Deb Ryun is the executive director of the St. Croix River Association, a St. Croix 360 partner.
The St. Croix and Namekagon Rivers are part of the National Park known as the St. Croix National Scenic Riverway. It is a unique river system, with high water quality and good habitat that provide for an incredibly diverse fishery. This system supports world-class sport fishing, known for its smallmouth bass, muskellunge, and lots of other species.
People come from around the world to fish these waters. But to me, the most impressive fish that can be found here is the sturgeon.
Lake sturgeon can be found on the Namekagon from the Trego dam, near the County K landing all the way down to the confluence of the St. Croix. They grow to be huge and old, growing to 84 plus inches long, over 100 years, and well over 200 pounds.
The largest lake sturgeon on record was caught from Lake Winnebago, in eastern Wisconsin. It was 87.5”, 240 pounds, and approximately 125 years old. Sturgeon mature late, and start reproducing after 15-20 years for males, and 20-25 years for females.
As a group, sturgeon appeared over 100 million years ago. They are often referred to as the dinosaurs of fresh water fish.
If you’ve ever been on the Namekagon River in a boat, you know how rocky and shallow it is in many segments. The thought of a fish that big living in these shallow waters is really amazing.
Those of you who’ve been on the river also know how clear the water is. If you stand in a boat and drift along, it can be like looking into an aquarium. These sturgeon tend to be very docile and unafraid of humans; if you’re out there paying attention, you’re likely to see them.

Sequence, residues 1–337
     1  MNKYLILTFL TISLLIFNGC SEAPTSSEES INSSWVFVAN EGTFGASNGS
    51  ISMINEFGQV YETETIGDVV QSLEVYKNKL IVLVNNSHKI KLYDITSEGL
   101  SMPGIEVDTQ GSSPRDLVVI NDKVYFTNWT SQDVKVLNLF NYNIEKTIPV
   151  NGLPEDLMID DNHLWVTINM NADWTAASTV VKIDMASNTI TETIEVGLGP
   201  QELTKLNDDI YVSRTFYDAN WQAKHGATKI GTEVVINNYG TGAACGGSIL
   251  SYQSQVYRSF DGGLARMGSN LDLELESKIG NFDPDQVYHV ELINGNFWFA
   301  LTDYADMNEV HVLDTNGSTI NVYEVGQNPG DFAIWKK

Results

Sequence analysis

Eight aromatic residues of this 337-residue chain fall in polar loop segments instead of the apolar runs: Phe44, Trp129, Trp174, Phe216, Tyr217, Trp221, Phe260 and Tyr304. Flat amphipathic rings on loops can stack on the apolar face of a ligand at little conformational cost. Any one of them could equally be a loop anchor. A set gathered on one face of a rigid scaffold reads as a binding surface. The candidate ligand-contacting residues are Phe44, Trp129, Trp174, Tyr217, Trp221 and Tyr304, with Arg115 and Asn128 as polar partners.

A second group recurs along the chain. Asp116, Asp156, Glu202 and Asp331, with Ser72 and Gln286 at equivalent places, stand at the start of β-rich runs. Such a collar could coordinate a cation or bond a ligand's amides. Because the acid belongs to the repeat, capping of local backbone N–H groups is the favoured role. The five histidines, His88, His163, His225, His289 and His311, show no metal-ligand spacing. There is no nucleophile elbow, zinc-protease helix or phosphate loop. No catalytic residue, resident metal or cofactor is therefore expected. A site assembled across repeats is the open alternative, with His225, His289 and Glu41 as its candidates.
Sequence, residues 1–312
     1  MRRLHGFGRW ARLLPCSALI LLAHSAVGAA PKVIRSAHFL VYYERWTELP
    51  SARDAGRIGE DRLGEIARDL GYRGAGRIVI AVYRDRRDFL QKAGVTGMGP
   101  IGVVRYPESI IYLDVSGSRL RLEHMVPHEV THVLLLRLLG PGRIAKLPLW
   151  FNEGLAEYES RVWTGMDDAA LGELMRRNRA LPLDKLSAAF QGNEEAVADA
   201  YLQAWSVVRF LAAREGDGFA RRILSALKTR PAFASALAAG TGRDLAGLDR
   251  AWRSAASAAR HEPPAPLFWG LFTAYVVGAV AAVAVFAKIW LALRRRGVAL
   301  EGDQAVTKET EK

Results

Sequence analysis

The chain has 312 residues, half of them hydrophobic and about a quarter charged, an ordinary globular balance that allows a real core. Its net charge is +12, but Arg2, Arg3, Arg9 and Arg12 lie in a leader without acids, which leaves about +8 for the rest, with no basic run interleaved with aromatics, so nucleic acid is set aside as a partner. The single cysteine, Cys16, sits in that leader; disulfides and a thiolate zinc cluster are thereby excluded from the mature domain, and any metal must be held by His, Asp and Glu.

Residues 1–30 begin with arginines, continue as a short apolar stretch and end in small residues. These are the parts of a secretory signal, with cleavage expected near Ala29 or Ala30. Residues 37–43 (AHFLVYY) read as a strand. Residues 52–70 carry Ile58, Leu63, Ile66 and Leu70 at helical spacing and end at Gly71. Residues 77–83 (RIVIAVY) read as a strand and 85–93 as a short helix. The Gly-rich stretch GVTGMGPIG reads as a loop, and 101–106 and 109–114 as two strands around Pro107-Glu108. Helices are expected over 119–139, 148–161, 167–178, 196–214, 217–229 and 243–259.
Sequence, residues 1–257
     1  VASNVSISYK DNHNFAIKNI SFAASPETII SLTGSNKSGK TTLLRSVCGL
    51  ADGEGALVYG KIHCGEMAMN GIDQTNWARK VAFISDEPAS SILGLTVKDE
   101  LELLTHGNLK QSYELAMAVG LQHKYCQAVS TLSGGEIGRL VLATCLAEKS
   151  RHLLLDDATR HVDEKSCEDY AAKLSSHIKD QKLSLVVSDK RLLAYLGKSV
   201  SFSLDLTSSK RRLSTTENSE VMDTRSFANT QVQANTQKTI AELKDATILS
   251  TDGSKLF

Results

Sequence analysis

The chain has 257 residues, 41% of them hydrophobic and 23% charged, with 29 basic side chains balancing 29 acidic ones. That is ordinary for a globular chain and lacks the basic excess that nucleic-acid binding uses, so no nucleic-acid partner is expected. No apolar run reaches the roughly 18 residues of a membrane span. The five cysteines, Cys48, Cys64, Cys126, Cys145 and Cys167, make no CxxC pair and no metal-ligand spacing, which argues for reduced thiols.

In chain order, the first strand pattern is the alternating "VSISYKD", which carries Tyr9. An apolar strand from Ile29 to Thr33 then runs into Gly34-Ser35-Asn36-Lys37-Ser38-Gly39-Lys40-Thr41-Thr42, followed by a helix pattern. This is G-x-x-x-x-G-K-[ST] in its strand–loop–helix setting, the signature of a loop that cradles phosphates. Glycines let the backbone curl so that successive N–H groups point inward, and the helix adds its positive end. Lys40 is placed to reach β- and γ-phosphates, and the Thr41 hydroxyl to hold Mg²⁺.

In some cases you don’t have to pay such close attention. The big ones can leave a wake as they swim along, and some times of year they “breach”, or jump up out of the water.
In the national park above the dam at St. Croix Falls there is no fishing season for sturgeon. While in some areas they are naturally reproducing, their numbers are not strong enough to allow fishing.
Over the years, a number of factors had led to their decline. Point source pollution from industry dirtied the water. Fish were cut off from spawning grounds by dams. Sturgeon were fished to the point where their numbers were no longer sustainable.
Since then, there have been terrific advances to help sturgeon and other plants and animals that count on rivers to survive. The Clean Water Act led to improvements in river systems, correcting much of the point source pollution. Fish passage over or around barriers is complex, but in some cases fish ladders have worked, and in other areas sturgeon have been reintroduced to restore the fish.
Exploitation is the most manageable variable. That is why there are limits on fishing with a short or no season, tag requirements, or high minimum length limits.
The Departments of Natural Resources of both Minnesota and Wisconsin and the National Park Service cooperate to manage for sustainable populations where lake sturgeon exists in the border part of the St. Croix. Below the dam in St. Croix Falls there is a very limited fishing season, but the rules are very strict so be sure to check fishing regulations if you intend to try your luck fishing for sturgeon.
Next time you are on the river, pay attention to those big submerged logs, they might our living dinosaurs.